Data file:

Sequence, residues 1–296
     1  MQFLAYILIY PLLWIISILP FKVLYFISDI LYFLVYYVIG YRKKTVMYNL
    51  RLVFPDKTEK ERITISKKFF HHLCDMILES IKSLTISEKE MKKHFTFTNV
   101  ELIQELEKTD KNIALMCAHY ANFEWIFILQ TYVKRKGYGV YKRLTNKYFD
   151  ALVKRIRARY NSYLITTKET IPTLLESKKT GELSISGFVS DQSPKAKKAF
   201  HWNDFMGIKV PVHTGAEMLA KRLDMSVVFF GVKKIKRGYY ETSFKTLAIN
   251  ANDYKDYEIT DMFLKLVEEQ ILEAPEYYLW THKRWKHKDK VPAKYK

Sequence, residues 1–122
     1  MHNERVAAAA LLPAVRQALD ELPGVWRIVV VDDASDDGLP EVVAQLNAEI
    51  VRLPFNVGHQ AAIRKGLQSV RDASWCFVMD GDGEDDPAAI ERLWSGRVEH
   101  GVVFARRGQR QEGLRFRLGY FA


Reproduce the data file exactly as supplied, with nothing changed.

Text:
Sequence, residues 1–296
     1  MQFLAYILIY PLLWIISILP FKVLYFISDI LYFLVYYVIG YRKKTVMYNL
    51  RLVFPDKTEK ERITISKKFF HHLCDMILES IKSLTISEKE MKKHFTFTNV
   101  ELIQELEKTD KNIALMCAHY ANFEWIFILQ TYVKRKGYGV YKRLTNKYFD
   151  ALVKRIRARY NSYLITTKET IPTLLESKKT GELSISGFVS DQSPKAKKAF
   201  HWNDFMGIKV PVHTGAEMLA KRLDMSVVFF GVKKIKRGYY ETSFKTLAIN
   251  ANDYKDYEIT DMFLKLVEEQ ILEAPEYYLW THKRWKHKDK VPAKYK

Sequence, residues 1–122
     1  MHNERVAAAA LLPAVRQALD ELPGVWRIVV VDDASDDGLP EVVAQLNAEI
    51  VRLPFNVGHQ AAIRKGLQSV RDASWCFVMD GDGEDDPAAI ERLWSGRVEH
   101  GVVFARRGQR QEGLRFRLGY FA